48. News Letter. (2016). Declassified Files: Black Taxi Terror Links Halted Public Transport Privatisation. Available from
  49. O’Callaghan, M., & O’Donnell, C. (2006). The Northern Ireland Government, the ‘Paisleyite Movement’ and Ulster Unionism in 1966. Irish Political Studies, 21(2), 203–222.CrossRefGoogle Scholar
  50. O’Mally, P. (2000). Northern Ireland and South Africa: Conflicts Without End, Guns Beyond Use. Fortnight, 386, 1–18. Google Scholar
  51. Ophuls, M. (1972). A Sense of Loss. Switzerland: Cinema X, Societe Suisse de Television.Google Scholar
  52. Patterson, H. (2012). The Border Security Problem and Anglo-Irish Relations 1970–1973. Contemporary British History, 26(2), 231–251.CrossRefGoogle Scholar
  53. Patterson, H. (2013a). The Provisional IRA, the Border, and Anglo-Irish relations During the Troubles. Small Wars and Insurgencies, 24(3), 493–517.CrossRefGoogle Scholar
  54. Patterson, H. (2013b). Ireland’s Violence Frontier: The Border and Anglo-Irish Relations During the Troubles. New York: Palgrave Macmillan.CrossRefGoogle Scholar
  55. Primoratz, I. (1997). The Morality of Terrorism. Journal of Applied Philosophy, 14(3), 221–233.CrossRefGoogle Scholar
  56. Prince, S. (2007). Northern Ireland’s ’68: Civil Rights, Global Revolt and the Origins of the Troubles. Dublin: Irish Academic Press.Google Scholar
  57. Prince, S. (2012). 5 October 1968 and the Beginning of the Troubles: Flashpoints, Riots and Memory. Irish Political Studies, 27(3), 394–410.CrossRefGoogle Scholar
  58. Richey, W. (1985, January 14). On the Trail of US Funds for IRA. Christian Science Monitor. Available from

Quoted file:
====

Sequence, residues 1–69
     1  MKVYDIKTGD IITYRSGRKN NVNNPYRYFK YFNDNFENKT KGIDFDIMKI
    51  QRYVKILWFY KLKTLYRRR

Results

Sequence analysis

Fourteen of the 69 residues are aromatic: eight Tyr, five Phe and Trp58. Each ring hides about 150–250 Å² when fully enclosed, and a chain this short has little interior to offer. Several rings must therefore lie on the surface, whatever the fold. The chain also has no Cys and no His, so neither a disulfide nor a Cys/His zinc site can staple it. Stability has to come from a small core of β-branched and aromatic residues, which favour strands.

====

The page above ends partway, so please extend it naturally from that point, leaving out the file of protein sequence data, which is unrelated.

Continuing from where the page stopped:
59. Ryder, C. (1986). Sir John and His Men: Tensions in a Critical Year. Fortnight, (234), 6–7. Google Scholar
  60. Ryder, C. (2000). The RUC 1922–2000: A Force Under Fire. London: Arrow.Google Scholar
  61. Sanchez-Cuenca, I. (2007). The Dynamics of Nationalist Terrorism: ETA and the IRA. Terrorism and Political Violence, 19(3), 289–306.CrossRefGoogle Scholar
  62. Sanders, A. (2013). Operation Motorman (1972) and the Search for a Coherent British Counterinsurgency Strategy in Northern Ireland. Small Wars & Insurgencies, 24(3), 465–492.CrossRefGoogle Scholar
  63. Silke, A. (2016). Ferocious Times: The IRA, the RIC, and Britain’s Failure in 1919–1921. Terrorism and Political Violence, 28(3), 417–434.CrossRefGoogle Scholar
  64. Simpson, K. (2008). University of Ulster Human Rights Researcher Dr. Kirk Simpson Looks at Unionists and Their Perceptions of the La Mon Bombing. Available from
  65. Spratt, M. (2008). When Police Dogs Attacked: Iconic News Photographs and Construction of History, Mythology, and Political Discourse. American Journalism, 25(2), 85–105.Google Scholar
  66. Thompson, J. (2001). American Policy and Northern Ireland: A Saga of Peacebuilding. London: Praeger.Google Scholar
  67. Walzer, M. (1977). Just and Unjust Wars. New York: Basic Books.Google Scholar
  68. White, R. (1997). The Irish Republican Army: An Assessment of Sectarianism. Terrorism and Political Violence, 9(1), 20–55.CrossRefGoogle Scholar
  69. White, R. (1998). Don’t Confuse Me with the Facts: More on the Irish Republican Army and the Facts. Terrorism and Political Violence, 10(4), 164–189.CrossRefGoogle Scholar
  70. Wolin, R. (2002). September 11 and the Self-Castigating Left. South Central Review, 19(2/3), 39–49.CrossRefGoogle Scholar
  71. Young, A., & Gray, D. (2011). Insurgency, Guerilla Warfare and Terrorism: Conflict and Its Application for the Future. Global Security Studies, 2(4), 65–76.Google Scholar

Copyright information

© The Author(s) 2018

Authors and Affiliations

  1. 1.Department of Psychology, Sociology and PoliticsSheffield Hallam UniversitySheffieldUK

Personalised recommendations